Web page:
Transforming Lives

Every day, all over the world, USAID brings peace to those who endure violence, health to those who struggle with sickness, and prosperity to those who live in poverty. It is these individuals — these uncounted thousands of lives — that are the true measure of USAID’s successes and the true face of USAID's programs.

In the 1980’s, the United States passed laws requiring all fresh-caught shrimp sold there to be caught on boats equipped with "turtle excluder devices" known as TEDs. The device helps prevent turtles from being trapped in shrimp nets. A metal grid with openings is attached to the trawling net. Larger animals, such as sea turtles, can easily escape, while the shrimp remain caught.

John is a special program officer and president of the Guyana Responsible Parenthood Association’s (GRPA) Youth Advocacy Movement. GRPA is a non-governmental organization funded by USAID. Before taking on this leadership role, John had little experience educating the community about HIV/AIDS.

The poultry market in the Caribbean Community's 15 member countries is valued at an estimated $350 million. The size of this market signals exciting prospects for the growth of Guyana's poultry sector. But, Guyana's poultry farmers cannot begin exporting poultry until they meet strict sanitary and health standards and regulations imposed by other member states.

Over the past twenty years, inefficient systems in the justice sector and underpaid, inexperienced staff have led to a massive backlog of cases before the courts in Guyana. This has significantly increased the length of time between indictment and the actual trial. In many cases, individuals may serve more time in prison waiting to go to trial than the eventual sentence time – not to mention the injustice to those who are acquitted. Currently, there are approximately 15,000 civil and criminal cases before the courts, some pending for more than seven years. In Guyana ‘justice delayed is truly justice denied’ and has spawned widespread dissatisfaction and frustration among citizens.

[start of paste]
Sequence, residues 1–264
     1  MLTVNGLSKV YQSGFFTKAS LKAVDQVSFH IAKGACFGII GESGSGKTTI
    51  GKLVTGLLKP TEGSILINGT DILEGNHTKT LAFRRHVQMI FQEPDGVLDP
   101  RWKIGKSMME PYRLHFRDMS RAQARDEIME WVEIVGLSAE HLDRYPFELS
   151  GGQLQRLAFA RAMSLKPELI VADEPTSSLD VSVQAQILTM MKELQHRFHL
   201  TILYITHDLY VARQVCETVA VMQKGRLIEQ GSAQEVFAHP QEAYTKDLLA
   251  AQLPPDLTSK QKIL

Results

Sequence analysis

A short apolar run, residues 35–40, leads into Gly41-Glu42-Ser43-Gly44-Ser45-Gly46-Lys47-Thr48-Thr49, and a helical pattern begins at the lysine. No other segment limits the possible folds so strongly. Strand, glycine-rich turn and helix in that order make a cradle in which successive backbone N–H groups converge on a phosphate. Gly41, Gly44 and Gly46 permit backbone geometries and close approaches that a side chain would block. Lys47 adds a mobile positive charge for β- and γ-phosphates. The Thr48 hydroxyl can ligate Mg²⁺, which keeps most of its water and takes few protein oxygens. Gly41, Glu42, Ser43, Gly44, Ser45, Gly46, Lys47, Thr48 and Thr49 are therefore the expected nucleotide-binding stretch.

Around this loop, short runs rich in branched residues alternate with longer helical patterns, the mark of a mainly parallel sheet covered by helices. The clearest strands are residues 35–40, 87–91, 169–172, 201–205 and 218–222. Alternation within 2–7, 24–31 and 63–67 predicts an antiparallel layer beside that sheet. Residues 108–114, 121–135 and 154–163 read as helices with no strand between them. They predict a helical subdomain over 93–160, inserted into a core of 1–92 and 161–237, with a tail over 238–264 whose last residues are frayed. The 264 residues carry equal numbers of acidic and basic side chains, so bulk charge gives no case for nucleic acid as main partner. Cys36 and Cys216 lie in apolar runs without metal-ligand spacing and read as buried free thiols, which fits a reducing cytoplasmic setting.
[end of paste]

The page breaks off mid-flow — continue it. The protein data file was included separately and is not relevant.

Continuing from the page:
In the remote Rupununi region of Guyana, peanut farming dominates the local economy. Farmers depend upon the crop as their main source of income, and newer agricultural techniques have boosted production from 1,100 pounds per acre to over 2,500 in four years. With rising production, Guyanese farmers can now supply not just local markets, but also export markets in the Caribbean. However, peanut exports have been constrained by food safety concerns. In particular, the local crop needs to be tested for aflatoxins, a group of carcinogenic toxins that occur in the soil. Guyanese farmers cannot sell peanuts unless they are certified as free of all aflatoxins. Current food safety testing and certification mechanisms cannot keep up with the increased demand for testing, leaving peanut harvests ineligible for export.

“Don” Felician Castellanos, a subsistence farmer in Guatemala, believes it is a miracle that he survived the massacres and disappearances caused by the violent civil war that hit his region. Although he never went to school, don Feliciano knew he wanted to read and write. He taught himself to read at the age of twenty-three using an adult literacy primer.

Some assume that rural indigenous populations are not ready for information technology, that they are not interested in it, and that, in any case, there is not enough basic infrastructure to extend technology from urban to rural areas.

Enlace Quiché, a technology program supported by USAID in the heart of the Quiché region in the Guatemalan highlands, has proven them wrong on every count.

In 2001, drought and the fall of world coffee prices exacerbated the already extreme poverty that afflicted rural Guatemalan families. A hunger crisis struck, forcing the Chortí Mayan women in Jocotán at times to have to decide between food and medicine. Should she pay $3 to transport their sick children to the clinic - or use that money for food? The $5 a month women earned from the sale of palm frond mats in the local market could not even cover their basic needs, much less medicine to help their sick or starving children.

Guatemala is vulnerable to a range of natural disasters - earthquakes, floods, freezes, mudslides, volcanic eruptions. But disaster assistance has, in the past, been unable to reach many of Guatemala's rural areas, where nearly half of its people live. In urban areas, people live and work in crowded conditions, too often in buildings that would not withstand a strong earthquake like the one that struck in 1976.


Last updated: April 27, 2015